Thai version –
“Krung – Thep Mahanakhon Amon Rattanakosin Mahintharayutthaya Mahadilok Phop Noppharat Ratchathani Burirom Udomratchaniwet Mahasathan Amon Phiman Awatan Sathit Sakkathattiya Witsanukam Prasit”
Pali-Sanskrit version (its original form) –
Krung – dēvamahānagara amararatanakosindra mahindrāyudhyā mahātilakabhava navaratanarājadhānī purīramya uttamarājanivēsana mahāsthāna amaravimāna avatārasthitya shakrasdattiya vishnukarmaprasiddh (source: wikitravel).
I attempt to produce it in Devnagri to get a closer perspective –
क्रंग – देवमहानगर: अमररत्नकोसिन्द्र: महिंद्रअयोध्धया महादिलोकभव: नवरत्नराजधानी पुरीरम्य: उत्तमराजनिवेसान महास्थान अमरविमान अवतारसथित्य शक्रसदत्तीय विष्णुकर्मप्रसिध्ध: .
Got that ? OK, this is the official name of Bangkok! Krung is the only Thai word meaning ‘capital’. The name supposedly features in Guinness Book for being the world’s longest name of a place. Thais call their capital city not as Bangkok but Krung Thep (City of Angels / देव), which is the shorter version of the full name. The versions above also give an indication to how Sanskrit words have evolved in Thai. Dev becomes Thep, Nagar becomes Nakhon, Amar becomes Amon, and so on.
Now, this name of the place incident compels me to narrate the case of this bright little kid-
Teacher : Beta, where are you from?
Bright kid : Thiruvananthapuram.
Teacher : Wow, so nice! Now tell us the spelling of this word.
Bright kid : Sorry Teacher, just remembered, I actually belong to Goa :-)
So we are in Bangkok – one of the most cosmopolitan cities in Asia. It is vibrant, vehement, vivacious and vain. Bangkok comes in all shades of all colours (against only 50 and only grey, as some bigoted travellers would ascribe to it). Bangkok once had the sobriquet of ‘City of Canal’ and ‘Venice of the East’ thanks to its network of canals which also served as transportation links. Very few of the canals now remain in Bangkok (they having been filled up to make roads). After handing over the car at the rental office in Suvarnabhumi Airport, we head towards our hotel almost by midnight.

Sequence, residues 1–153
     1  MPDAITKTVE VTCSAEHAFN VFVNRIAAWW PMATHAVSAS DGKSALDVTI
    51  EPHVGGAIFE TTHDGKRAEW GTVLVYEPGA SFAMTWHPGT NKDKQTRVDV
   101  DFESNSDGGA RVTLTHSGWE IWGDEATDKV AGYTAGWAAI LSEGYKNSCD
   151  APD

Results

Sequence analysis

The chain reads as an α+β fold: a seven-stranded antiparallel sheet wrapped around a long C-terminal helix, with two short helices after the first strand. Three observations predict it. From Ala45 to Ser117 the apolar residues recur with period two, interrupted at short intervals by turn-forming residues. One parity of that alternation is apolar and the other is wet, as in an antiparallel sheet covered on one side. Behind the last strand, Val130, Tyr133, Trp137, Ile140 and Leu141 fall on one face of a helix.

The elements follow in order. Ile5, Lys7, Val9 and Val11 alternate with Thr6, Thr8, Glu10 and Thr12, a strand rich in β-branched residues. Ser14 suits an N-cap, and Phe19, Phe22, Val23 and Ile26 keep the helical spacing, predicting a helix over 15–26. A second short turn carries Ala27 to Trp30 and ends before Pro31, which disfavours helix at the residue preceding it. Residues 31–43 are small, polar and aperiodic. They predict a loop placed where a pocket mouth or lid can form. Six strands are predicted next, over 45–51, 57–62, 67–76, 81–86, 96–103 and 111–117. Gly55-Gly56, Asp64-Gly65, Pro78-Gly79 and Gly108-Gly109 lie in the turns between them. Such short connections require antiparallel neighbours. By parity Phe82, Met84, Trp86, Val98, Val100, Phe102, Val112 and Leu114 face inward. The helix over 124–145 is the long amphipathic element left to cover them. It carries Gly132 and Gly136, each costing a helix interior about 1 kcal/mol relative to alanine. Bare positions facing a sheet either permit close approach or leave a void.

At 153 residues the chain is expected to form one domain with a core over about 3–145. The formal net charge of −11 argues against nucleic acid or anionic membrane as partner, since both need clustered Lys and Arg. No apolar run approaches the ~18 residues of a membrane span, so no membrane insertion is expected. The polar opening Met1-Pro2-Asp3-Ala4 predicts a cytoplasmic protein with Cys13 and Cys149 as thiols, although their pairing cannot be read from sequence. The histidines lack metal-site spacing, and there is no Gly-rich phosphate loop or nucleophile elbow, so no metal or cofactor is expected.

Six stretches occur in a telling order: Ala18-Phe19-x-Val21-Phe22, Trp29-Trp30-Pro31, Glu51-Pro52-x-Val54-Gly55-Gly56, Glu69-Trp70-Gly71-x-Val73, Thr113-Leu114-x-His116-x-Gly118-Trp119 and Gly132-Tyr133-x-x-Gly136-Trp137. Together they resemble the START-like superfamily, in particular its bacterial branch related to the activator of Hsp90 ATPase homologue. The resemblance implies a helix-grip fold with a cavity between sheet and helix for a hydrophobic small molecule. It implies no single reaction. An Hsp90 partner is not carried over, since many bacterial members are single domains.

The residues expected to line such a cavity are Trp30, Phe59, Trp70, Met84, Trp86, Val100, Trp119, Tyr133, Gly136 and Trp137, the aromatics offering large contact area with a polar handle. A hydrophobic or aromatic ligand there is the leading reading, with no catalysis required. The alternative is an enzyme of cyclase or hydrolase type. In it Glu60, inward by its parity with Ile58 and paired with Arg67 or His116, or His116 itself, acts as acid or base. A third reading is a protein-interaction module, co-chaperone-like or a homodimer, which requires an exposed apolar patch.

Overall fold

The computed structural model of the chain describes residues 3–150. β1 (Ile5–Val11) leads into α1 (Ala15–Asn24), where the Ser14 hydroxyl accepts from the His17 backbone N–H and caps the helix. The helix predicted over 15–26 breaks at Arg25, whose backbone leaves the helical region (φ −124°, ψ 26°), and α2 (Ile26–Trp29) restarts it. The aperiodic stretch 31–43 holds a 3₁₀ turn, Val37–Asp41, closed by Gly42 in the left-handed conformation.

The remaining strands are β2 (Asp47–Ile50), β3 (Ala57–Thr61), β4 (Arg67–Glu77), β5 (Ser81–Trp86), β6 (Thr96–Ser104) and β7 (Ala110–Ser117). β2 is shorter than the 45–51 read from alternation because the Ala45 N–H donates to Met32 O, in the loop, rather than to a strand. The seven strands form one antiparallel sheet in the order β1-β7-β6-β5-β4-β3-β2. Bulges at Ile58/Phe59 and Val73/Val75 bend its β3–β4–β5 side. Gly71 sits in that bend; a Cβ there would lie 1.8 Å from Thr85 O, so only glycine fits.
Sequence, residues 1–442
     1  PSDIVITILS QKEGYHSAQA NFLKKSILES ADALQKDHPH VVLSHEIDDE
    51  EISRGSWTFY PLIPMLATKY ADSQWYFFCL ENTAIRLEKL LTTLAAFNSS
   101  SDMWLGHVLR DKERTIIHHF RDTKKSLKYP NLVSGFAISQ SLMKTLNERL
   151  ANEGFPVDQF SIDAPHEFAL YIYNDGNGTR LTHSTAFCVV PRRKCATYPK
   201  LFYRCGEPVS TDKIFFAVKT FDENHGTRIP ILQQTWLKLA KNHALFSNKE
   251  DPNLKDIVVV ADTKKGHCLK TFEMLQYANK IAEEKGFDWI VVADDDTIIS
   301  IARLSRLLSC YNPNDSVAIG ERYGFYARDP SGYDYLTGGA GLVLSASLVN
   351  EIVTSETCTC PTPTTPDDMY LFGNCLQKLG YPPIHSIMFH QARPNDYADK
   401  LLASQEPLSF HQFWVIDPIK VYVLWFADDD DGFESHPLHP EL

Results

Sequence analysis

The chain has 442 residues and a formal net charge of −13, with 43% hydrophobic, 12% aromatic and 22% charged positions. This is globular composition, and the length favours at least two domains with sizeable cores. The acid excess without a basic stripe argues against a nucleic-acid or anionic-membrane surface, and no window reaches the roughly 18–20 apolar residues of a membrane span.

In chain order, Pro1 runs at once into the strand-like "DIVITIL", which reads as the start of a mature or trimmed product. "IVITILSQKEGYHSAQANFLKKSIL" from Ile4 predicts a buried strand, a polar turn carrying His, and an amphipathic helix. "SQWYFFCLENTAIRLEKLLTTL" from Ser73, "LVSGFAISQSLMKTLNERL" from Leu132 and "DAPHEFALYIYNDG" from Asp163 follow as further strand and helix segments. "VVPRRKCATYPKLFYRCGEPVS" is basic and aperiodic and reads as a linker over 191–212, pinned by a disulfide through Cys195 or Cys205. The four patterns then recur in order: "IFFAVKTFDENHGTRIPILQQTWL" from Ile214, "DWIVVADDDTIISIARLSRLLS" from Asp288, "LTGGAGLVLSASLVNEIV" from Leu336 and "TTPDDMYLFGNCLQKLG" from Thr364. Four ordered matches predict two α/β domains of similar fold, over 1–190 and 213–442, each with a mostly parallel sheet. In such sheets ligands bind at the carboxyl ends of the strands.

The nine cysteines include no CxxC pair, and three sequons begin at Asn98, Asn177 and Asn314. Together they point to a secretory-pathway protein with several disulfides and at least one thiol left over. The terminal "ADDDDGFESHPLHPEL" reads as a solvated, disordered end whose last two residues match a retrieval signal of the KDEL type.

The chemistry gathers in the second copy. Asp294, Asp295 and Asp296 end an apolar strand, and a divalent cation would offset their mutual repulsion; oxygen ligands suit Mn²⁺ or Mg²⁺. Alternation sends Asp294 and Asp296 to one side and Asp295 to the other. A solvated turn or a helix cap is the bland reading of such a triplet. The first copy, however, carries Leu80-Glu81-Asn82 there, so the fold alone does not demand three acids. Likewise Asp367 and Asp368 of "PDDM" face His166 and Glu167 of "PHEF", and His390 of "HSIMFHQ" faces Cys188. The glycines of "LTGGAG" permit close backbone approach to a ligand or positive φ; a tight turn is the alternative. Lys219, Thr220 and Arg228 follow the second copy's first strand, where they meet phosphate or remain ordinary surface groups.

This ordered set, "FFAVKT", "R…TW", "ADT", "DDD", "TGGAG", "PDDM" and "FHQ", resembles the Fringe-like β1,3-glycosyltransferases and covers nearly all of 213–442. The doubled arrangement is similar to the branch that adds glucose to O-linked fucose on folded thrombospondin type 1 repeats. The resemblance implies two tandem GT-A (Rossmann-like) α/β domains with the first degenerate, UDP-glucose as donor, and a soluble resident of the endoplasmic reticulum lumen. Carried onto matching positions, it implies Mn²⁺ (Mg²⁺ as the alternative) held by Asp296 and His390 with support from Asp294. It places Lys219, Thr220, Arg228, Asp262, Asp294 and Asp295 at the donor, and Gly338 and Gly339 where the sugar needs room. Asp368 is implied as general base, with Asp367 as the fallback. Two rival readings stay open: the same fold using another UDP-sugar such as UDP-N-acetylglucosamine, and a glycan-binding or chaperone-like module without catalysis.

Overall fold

As our bright orange taxi laboriously meanders through the Bangkok traffic, we know it was a wise decision not to drive inside Bangkok. The traffic is chaotic even this late at night – giving an indication of what it would be like in daytime. Night skyline of Bangkok is pretty impressive, especially when seen from elevated roads.
The hotel, Baiyoke Sky Tower is the tallest building in Thailand with some 85 floors. It is also the tallest hotel in Southeast Asia and fourth tallest hotel building in the world. The hotel proper actually starts at 18th Floor, where they have the Reception. This is the first time ever we are going to set our feet on a floor whose number is prefixed by 7 or 8 on the lift’s push button, leave alone staying in one.
Bangkok is what a mighty touristy destination is all about – lots of shopping, sights and to-do things. And it starts right from the hotel street. Outside the entrance, there is a vibrant street market, which remains active till late night and almost all-night on weekends.
The city, which has two parts viz. old and new, is an interesting combination of Ancient and Modern. The old city is mainly located along the eastern bank of Chao-Phraya River, comprising of royal palace, temples, traditional architecture and sights, etc. Further east of the old part is the new city marked by ostentatious high-rises, elevated roads and chock-a-block traffic. Airport lies further east, in a south easterly direction from the city main.